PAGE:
(sold for $9.0)

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1897, Kingdom of Serbia, Alexander I. Silver 1 Dinar Coin. About VF!

Mint Year: 1897 Mint Place: Vienna     Reference: KM-21. Denomination: 1Dinar     Condition: Dark oxidation spots in reverse, otherwise about VF! Material: Silver (.835) Diameter: 23mm Weight: 4.97gm

Obverse: Head of King Alexander I of Serbia left. Engraver`s signature (A.SCHARFF) below.

Reverse: Crown above value (1), denomination (Dinar) and date (1897). All within wreath.

Alexander I or Aleksandar Obrenovic  (August 14, 1876 - June 11, 1903) was king of Serbia from 1889 to 1903.

In 1889, his father, King Milan,  unexpectedly abdicated and withdrew to private life, proclaiming  Alexander king of Serbia under a regency until he should attain his  majority at eighteen years of age. His mother Natalija Obrenovic became his regent.

In 1893, King Alexander, aged seventeen, in a first coup d'état proclaimed himself of full age, dismissed the regents and their government, and took the royal authority into his own hands.  His action was popular, and was rendered still more so by his  appointment of a radical ministry.

In May 1894, King Alexander, by another coup, abolished the liberal  constitution of 1889 and restored the conservative one of 1869. His  attitude during the Greco-Turkish War (1897) was one of strict neutrality.

In the same year, the young King brought his father, Milan, back to  Serbia and, in 1898, appointed him commander-in-chief of the Serbian  army. During that time, Milan was regarded as the de facto ruler of the  country.

In the summer of 1900, King Alexander suddenly announced his engagement to the widowed Madame Draga Mašin,  formerly a lady-in-waiting to his mother. The projected union initially  aroused great opposition: he did not consult with his father, who had  been on vacation in Carlsbad and making arrangements to secure the hand of a German princess for his son, or his prime minister Dr. Vladan Ðordevic, who was visiting the Paris Universal Exhibition at the time of the announcement. Both immediately resigned from their  respective offices and Alexander had difficulty in forming a new  cabinet. Alexander's mother also opposed the marriage and was  subsequently banished from the kingdom.

Opposition to the union seemed to subside somewhat for a time upon the publication of Tsar Nicholas II's  congratulations to the king on his engagement and of his acceptance to  act as the principal witness at the wedding. The marriage was duly  celebrated in August 1900. Even so, the unpopularity of the union  weakened the King's position in the eyes of the army and the country at  large.

King Alexander tried to reconcile political parties by unveiling a liberal constitution of his own initiative, introducing for the first time in the constitutional history of Serbia the system of two chambers (skupshtina and senate).  This reconciled the political parties but did not reconcile the army  which, already dissatisfied with the king's marriage, became still more  so at the rumors that one of the two unpopular brothers of Queen Draga, Lieutenant Nikodije, was to be proclaimed heir-presumptive to the throne.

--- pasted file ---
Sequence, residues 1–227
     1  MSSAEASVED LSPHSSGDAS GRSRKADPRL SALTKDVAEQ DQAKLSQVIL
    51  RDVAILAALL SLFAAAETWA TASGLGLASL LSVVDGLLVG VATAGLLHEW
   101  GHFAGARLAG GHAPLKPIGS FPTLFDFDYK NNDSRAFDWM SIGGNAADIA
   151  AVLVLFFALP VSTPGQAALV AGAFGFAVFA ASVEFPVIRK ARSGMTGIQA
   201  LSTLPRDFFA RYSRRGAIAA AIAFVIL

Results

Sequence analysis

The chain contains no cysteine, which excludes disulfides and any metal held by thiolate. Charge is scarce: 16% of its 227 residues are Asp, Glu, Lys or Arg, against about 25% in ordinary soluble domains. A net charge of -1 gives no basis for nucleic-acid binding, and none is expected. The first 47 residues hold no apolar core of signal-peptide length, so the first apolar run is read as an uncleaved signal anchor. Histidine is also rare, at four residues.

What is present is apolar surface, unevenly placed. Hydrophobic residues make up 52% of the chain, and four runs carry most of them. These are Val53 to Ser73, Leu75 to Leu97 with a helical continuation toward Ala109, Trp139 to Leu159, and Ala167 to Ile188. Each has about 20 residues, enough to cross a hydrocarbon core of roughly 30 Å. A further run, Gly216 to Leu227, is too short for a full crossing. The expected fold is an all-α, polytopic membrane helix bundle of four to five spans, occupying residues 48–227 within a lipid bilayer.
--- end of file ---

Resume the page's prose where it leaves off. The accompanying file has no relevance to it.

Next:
Meanwhile, the independence of the senate and of the council of state caused increasing irritation to King Alexander. In yet another coup d'état, he suspended (March 1903) the constitution for half an hour, time enough to publish the decrees by which the old  senators and councillors of state were dismissed and replaced by new  ones. This arbitrary act naturally increased the dissatisfaction in the  country.

The general impression was that, as much as the senate was packed with men devoted to the royal couple and the government  obtained a large majority at the general elections, King Alexander  would not hesitate any longer to proclaim Queen Draga's brother as the heir to the throne. In spite of this, it had been agreed with the Serbian Government that Prince Mirko of Montenegro,  who was married to Natalija Konstantinovic, the granddaughter of  Princess Anka Obrenovic, an aunt of King Milan, would be proclaimed  Crown Prince of Serbia in the event that the marriage of King Alexander  and Queen Draga was childless.

Apparently to prevent Queen Draga's brother being named heir, but in reality to replace Alexander Obrenovic with Peter Karageorgevic, a conspiracy was organised by the military. The royal couple's palace was invaded and they hid in a cupboard in the Queen's bedroom. There is  another possibility, used in a Serbian history TV series "The End of  the Obrenovic Dynasty", in which the royal couple was hidden behind the  mirror in a common bedroom.

The conspirators searched the palace and eventually discovered the  royal couple and murdered them in the early morning of June 11, 1903.  King Alexander and Queen Draga were shot and their bodies mutilated and  disemboweled and, according to eyewitnes accounts, thrown from a second  floor window of the palace. The King was only 26 years old at the time  of his death. King Alexander and Queen Draga were buried in the crypt  of St. Mark's Church, Belgrade.  

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This coin has been sold for   $9.0

Notes: https://www.ebay.com/itm/372661516737 2019-05-06

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Posted by: anonymous
2019-04-30
 
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